The virtual reality (VR)/augmented reality (AR) market – collectively known as extended reality (XR) – has been on the cusp of becoming the next mainstream platform, but it has remained niche for many years thanks to technological limitations and scant content.
However, the COVID-19 global pandemic appears to have changed the technology’s fortunes – at least in the short-term – as homebound people search for ways to entertain themselves and connect with others, says GlobalData, the data and analytics company.
Lynnette Luna, Principal Analyst at GlobalData, comments: “Whether the adoption trend of XR will hold up as most of the world becomes free to move about again remains to be seen. But major events such as concerts, sporting competitions, and conferences will likely move ahead this year without live fans in attendance, giving XR the opportunity to shine. However, hardware and a complete XR ecosystem are still evolving.”
Facebook, which has a vision of making AR/VR the next communications platform, said it attracted nearly US$300m in non-advertising revenue during Q1 2020, with the number being largely driven by sales of Oculus VR products. The Oculus Quest is Facebook’s full-featured, reasonably priced consumer VR headset, while the Oculus Rift S is a dedicated PC headset. Both products are facing shortages as stay-at-home orders and social distancing have disrupted production and the supply chain. During Facebook’s conference call discussing quarterly earnings in April, CEO Mark Zuckerberg noted that it’s possible the pandemic could kick off an acceleration for XR adoption.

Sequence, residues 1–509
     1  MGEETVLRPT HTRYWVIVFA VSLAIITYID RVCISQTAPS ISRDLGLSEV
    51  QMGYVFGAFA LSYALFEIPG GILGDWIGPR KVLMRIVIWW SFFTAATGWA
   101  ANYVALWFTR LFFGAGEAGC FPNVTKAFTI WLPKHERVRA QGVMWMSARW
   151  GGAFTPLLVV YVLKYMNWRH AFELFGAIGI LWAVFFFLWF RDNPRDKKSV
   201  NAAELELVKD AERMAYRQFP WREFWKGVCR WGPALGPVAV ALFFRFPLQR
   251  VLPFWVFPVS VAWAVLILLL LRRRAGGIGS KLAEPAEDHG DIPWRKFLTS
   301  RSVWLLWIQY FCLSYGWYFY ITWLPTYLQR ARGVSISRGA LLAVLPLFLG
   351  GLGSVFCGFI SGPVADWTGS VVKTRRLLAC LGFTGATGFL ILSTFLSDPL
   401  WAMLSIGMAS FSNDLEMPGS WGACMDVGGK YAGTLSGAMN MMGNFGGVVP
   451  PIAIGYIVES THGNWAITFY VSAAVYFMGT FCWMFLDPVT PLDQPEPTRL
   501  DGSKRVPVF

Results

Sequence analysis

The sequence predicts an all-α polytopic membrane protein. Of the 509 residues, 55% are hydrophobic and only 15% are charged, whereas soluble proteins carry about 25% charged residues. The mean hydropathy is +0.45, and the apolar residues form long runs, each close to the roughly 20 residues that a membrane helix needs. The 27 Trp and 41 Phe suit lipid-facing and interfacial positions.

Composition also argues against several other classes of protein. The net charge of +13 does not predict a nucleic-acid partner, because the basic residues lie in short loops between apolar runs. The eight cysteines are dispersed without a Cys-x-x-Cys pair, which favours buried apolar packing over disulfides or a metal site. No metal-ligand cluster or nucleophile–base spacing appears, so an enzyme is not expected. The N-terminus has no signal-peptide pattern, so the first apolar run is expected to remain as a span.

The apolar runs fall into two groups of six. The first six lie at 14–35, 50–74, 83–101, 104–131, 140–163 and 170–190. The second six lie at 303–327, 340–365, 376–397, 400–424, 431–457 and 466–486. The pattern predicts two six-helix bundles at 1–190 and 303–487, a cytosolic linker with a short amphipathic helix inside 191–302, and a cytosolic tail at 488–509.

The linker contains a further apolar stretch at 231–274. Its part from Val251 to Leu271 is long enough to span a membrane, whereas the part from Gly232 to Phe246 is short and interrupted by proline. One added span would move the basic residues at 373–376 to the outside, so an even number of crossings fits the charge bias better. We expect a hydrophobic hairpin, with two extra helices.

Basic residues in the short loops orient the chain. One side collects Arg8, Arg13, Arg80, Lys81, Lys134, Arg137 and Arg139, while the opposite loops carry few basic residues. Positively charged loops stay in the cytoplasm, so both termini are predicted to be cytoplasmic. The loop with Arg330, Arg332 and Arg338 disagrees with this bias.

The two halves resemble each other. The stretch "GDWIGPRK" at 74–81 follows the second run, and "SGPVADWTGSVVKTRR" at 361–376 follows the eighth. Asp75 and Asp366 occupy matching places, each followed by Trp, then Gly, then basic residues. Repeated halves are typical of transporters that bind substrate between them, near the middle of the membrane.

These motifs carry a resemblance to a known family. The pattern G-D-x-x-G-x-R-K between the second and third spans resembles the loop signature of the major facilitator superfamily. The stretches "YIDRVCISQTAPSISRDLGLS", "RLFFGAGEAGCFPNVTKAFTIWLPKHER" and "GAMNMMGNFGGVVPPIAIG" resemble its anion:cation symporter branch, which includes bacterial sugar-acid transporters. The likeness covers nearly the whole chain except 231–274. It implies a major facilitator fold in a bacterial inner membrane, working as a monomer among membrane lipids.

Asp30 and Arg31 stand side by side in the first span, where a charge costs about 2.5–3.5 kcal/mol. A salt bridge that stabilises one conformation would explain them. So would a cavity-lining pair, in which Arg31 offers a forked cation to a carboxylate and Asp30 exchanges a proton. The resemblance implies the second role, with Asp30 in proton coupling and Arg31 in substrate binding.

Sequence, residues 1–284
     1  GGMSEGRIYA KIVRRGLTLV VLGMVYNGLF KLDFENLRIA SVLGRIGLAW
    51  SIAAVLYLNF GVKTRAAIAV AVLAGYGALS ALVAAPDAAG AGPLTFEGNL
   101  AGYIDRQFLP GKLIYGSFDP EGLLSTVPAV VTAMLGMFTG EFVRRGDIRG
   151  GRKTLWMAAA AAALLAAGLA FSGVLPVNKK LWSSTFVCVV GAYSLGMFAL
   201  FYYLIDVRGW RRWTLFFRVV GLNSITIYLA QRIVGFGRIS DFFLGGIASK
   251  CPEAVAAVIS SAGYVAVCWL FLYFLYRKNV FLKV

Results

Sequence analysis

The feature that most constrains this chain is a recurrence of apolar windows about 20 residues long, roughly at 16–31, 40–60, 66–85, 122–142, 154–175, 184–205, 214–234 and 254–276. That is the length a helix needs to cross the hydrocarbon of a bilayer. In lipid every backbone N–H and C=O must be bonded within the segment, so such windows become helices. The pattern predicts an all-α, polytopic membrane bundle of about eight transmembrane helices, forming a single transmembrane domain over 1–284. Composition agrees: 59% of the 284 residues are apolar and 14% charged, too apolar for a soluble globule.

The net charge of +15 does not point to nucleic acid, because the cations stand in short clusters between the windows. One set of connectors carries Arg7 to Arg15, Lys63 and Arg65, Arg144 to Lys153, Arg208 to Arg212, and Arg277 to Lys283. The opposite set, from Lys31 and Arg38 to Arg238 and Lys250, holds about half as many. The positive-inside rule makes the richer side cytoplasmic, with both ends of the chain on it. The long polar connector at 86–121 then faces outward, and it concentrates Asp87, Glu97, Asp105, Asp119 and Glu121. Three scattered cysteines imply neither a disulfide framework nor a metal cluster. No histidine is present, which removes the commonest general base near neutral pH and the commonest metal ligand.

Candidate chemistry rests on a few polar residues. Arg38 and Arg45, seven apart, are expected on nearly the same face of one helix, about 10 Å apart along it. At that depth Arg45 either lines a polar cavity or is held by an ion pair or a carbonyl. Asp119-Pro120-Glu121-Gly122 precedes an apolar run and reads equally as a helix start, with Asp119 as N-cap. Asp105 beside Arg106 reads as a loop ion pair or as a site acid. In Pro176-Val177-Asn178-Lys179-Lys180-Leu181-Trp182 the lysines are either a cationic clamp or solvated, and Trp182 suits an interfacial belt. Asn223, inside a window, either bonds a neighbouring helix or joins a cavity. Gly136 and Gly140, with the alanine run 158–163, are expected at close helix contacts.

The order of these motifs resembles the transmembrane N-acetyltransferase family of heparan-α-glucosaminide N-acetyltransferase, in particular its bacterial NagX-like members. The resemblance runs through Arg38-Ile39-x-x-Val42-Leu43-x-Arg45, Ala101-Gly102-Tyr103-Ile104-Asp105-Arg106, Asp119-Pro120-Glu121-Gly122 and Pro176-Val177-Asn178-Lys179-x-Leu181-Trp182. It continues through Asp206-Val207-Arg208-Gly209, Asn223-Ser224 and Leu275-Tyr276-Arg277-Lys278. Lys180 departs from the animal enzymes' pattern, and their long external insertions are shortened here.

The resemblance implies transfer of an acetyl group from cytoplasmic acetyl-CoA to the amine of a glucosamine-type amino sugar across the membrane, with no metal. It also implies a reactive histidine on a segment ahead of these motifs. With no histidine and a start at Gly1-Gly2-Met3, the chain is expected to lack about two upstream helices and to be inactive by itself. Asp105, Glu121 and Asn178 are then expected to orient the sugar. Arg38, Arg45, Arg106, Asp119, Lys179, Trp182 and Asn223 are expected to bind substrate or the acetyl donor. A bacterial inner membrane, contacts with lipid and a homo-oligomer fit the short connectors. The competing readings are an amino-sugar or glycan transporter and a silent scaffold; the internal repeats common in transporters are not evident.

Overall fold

Luna continues: “Regardless of the higher interest in early standalone VR headsets like the Oculus Quest, consumer adoption of solutions remains unknown. The industry wants to reach a market that consists of standalone light-weight XR glasses with a plethora of experiences and applications. That is as long as 10 years away. If anything, the COVID-19 pandemic should demonstrate what XR can do.”
During the next decade, AR/VR is expected to take off in both the enterprise and consumer markets, enabling users to work and experience entertainment in a hybrid digital/real-world space. But form factors have not evolved yet to make this a reality. Prior generations of headsets have been tethered to computers or relied on smartphones as displays. Now standalone viewers, such as Facebook’s Oculus, are popular devices, especially during the pandemic, and are connected to Wi-Fi. Early 5G XR viewers will be tethered to smartphones until hardware makers develop lightweight standalone 5G XR glasses.
Luna concludes: “With new high-speed, low-latency 5G networks coming to market, mobile operators are hoping AR/VR becomes a key application that sets their networks apart from today’s generation of wireless technology. But these are still the early days.”